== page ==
Download Green Boy fb2

by Susan Cooper
Download Green Boy fb2
Growing Up & Facts of Life
  • Author:
    Susan Cooper
  • ISBN:
    0689847602
  • ISBN13:
    978-0689847608
  • Genre:
  • Publisher:
    Margaret K. McElderry Books; Reprint edition (September 1, 2003)
  • Pages:
    208 pages
  • Subcategory:
    Growing Up & Facts of Life
  • Language:
  • FB2 format
    1426 kb
  • ePUB format
    1602 kb
  • DJVU format
    1931 kb
  • Rating:
    4.2
  • Votes:
    354
  • Formats:
    mbr azw docx lrf


Home Susan Cooper Green Bo. There it stood on his palm, bright green, an emerald hummingbird. It was the most beautiful thing I’ve ever seen

Home Susan Cooper Green Boy. Home. It was the most beautiful thing I’ve ever seen. Its throat was red, and its feathers all different shades of green, gleaming. The spider-silk was all gone now, but still the bird didn’t move. It must have been totally exhausted.

FREE shipping on qualifying offers. On their idyllic Bahamian island, Trey's little brother, Lou, is different - he doesn't speak and he suffers frightening seizures. But when he and Trey find themselves mysteriously transported to Pangaia.

It swung sideways, and then I fell in a heap, out in light again, floundering in a pile of sheets and clothes. The others came tumbling down after me.

It swung sideways, and then I fell in a heap, out in light again, floundering in a pile of sheets and clothes lying on his back in a white nest like an unmade bed. We had come down a laundry chute; we were all in a great heap of dirty laundry. If I hadn’t been so scared, I would have laughed. And then the men were tugging us out, the older one with Lou under his arm again, and we were outside a door and in cooler air, on a dark street.

Green Boy. Susan Cooper. Susan Cooper's book is a great way to introduce young readers to both multiculturalism and environmental protection in literature

Green Boy. Susan Cooper's book is a great way to introduce young readers to both multiculturalism and environmental protection in literature. The book is about two young boys named Trey and Lou living in the.

Susan Cooper was born in 1935, and grew up in England's Buckinghamshire, an area that was green countryside then but has since become part of Greater London. As a child, she loved to read, as did her younger brother, who also became a writer. by Susan Cooper. Two brothers encounter danger and adventure in a world of the future in this classic dystopian novel from Newbery Medalist Susan Cooper. Long Pond Cay, in the Bahamas, is a magical white-sand island, and twelve-year-old Trey and silent seven-year-old Lou love to visit its loneliness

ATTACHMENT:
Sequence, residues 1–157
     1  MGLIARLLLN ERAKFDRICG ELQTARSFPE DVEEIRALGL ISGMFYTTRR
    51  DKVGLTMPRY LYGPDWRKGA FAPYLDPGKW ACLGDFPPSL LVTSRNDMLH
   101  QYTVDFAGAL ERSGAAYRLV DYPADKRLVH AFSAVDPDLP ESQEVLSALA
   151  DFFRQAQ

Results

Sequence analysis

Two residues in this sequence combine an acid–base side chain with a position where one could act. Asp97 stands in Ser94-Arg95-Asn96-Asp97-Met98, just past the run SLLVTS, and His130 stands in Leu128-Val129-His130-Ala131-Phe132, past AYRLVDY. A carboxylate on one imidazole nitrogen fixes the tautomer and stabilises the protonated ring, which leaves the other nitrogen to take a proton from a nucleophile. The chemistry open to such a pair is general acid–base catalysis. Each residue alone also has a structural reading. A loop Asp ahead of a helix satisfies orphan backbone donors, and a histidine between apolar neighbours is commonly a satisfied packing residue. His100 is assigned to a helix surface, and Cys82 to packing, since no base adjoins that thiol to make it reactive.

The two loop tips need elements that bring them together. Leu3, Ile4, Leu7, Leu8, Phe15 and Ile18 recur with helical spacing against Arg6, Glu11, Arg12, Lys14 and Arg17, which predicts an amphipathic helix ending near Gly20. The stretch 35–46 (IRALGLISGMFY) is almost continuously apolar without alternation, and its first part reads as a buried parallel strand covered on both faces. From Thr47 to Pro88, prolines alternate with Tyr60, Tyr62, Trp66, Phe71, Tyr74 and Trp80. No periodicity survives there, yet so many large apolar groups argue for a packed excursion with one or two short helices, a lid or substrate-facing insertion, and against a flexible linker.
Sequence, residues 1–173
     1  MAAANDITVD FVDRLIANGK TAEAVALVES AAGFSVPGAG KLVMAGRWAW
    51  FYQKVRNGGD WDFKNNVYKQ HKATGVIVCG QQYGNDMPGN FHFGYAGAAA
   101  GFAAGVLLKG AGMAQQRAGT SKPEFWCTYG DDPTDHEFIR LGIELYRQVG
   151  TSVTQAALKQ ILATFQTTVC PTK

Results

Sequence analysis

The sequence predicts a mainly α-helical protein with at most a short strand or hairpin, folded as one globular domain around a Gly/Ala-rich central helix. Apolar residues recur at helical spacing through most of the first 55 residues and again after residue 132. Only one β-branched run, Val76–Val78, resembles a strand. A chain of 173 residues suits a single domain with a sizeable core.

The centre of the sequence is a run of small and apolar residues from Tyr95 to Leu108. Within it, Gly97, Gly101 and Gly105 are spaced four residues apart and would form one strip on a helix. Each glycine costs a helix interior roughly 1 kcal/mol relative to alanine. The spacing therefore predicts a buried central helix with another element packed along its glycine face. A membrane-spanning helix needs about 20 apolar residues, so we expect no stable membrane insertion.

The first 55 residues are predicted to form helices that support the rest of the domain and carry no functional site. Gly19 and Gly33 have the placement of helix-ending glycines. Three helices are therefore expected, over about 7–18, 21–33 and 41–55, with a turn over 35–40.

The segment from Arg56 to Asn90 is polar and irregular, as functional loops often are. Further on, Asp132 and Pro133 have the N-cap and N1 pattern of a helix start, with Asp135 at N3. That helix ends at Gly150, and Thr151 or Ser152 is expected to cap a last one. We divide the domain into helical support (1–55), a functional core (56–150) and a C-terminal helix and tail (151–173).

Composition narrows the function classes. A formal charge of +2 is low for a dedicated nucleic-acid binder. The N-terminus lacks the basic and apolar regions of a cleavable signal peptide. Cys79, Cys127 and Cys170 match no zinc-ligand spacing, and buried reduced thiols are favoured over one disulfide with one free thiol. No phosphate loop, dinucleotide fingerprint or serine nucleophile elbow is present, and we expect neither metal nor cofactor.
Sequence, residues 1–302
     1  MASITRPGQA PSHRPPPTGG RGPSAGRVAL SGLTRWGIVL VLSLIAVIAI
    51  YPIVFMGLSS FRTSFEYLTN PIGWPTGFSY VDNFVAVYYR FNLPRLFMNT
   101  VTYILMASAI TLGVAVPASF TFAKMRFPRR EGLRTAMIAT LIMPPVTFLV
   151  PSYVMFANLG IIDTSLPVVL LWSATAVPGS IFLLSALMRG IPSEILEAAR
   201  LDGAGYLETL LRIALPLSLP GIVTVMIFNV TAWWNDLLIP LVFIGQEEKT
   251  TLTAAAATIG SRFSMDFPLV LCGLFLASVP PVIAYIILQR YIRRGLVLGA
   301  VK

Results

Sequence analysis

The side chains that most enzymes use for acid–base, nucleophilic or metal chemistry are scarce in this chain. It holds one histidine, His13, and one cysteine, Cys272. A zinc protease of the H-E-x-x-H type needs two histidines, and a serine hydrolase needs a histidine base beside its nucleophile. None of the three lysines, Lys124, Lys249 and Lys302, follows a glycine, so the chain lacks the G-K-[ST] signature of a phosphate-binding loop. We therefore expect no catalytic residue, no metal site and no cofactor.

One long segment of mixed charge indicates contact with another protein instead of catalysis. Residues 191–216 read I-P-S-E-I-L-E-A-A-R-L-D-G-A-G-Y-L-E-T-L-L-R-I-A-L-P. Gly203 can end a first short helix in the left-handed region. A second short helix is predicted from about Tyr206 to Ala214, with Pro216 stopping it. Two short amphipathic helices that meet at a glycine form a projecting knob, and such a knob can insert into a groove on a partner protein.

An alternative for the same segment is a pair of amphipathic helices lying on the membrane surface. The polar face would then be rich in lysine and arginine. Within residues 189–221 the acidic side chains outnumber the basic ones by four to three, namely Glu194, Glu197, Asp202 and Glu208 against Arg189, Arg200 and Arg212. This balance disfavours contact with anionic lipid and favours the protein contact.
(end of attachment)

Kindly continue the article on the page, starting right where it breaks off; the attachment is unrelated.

Susan Mary Cooper (born 23 May 1935) is an English author of children's books.

Susan Mary Cooper (born 23 May 1935) is an English author of children's books. She is best known for The Dark Is Rising, a contemporary fantasy series set in England and Wales, which incorporates British mythology, such as the Arthurian legends, and Welsh folk heroes. For that work, in 2012 she won the lifetime Margaret A. Edwards Award from the American Library Association, recognizing her contribution to writing for teens.

Susan Cooper is rightly admired and respected for her "Dark Is Rising" series. Green Boy - though it has moments of powerful and beautiful description - is not going to overshadow those earlier books. Susan Price's books include The Bearwood Witch. Children and teenagers.

Электронная книга "Green Boy", Susan Cooper. Эту книгу можно прочитать в Google Play Книгах на компьютере, а также на устройствах Android и iOS. Выделяйте текст, добавляйте закладки и делайте заметки, скачав книгу "Green Boy" для чтения в офлайн-режиме. Long Pond Cay, in the Bahamas, is a magical white-sand island, and twelve-year-old Trey and silent seven-year-old Lou love to visit its loneliness.

Green Witch Susan Cooper Puffin Paperback Illustration Michael Heslop Wonderful book. Two sides of the same story are told through the eyes of a Native American boy and a young English apprentice. Susan Cooper: libraries are the frontline in the war for the imagination.

On their idyllic Bahamian island, Trey's little brother, Lou, is different -- he doesn't speak and he suffers frightening seizures. But when he and Trey find themselves mysteriously transported to Pangaia, an alternative universe where pollution and over-development have all but destroyed nature, a militant underground environmental group greets him as the prophesied hero who will save their world. But to realize this prophecy, Lou must take Trey on a terrifying and dangerous mission, with much more at stake than the fate of Pangaia. Does Lou have the power to save their own island home from a future as bleak as the world they've seen in Pangaia?

Jogrnd
I am a big fan of Susan Cooper's work, and Green Boy did not disappoint. The style differs slightly from her other books I have read, but well it should, as it is set in the Bahamas. The plot is compelling and the descriptions of the Otherworld left me haunted by the environmental possibilities of our own world. Clearly she has a message here. However, the story works on its own and is a good read.
TheJonnyTest
Twelve year old Trey and his brother, seven year old Lou live in the Bahamas, on the beautiful white-sand beach of Long Cay Island. Told in first-person narrative by Trey, "Green Boy" involves him almost reverently describing the antics and personality of his little brother: a mute boy who communicates in hoots and grunts, and seems almost magically attuned to nature.

Living with their grandparents (their mother works on the mainland to earn more money) Trey is immensely self-sufficient and able to handle his boat in the waters around the island, taking his brother to all their secret places. But an upheaval is about to enter their lives: two in fact. Developers are coming to the island, intent on building a hotel on the island and endangering the ecosystem. The community rallies to protect their home, only to find that the foreign investors are prepared to fight dirty.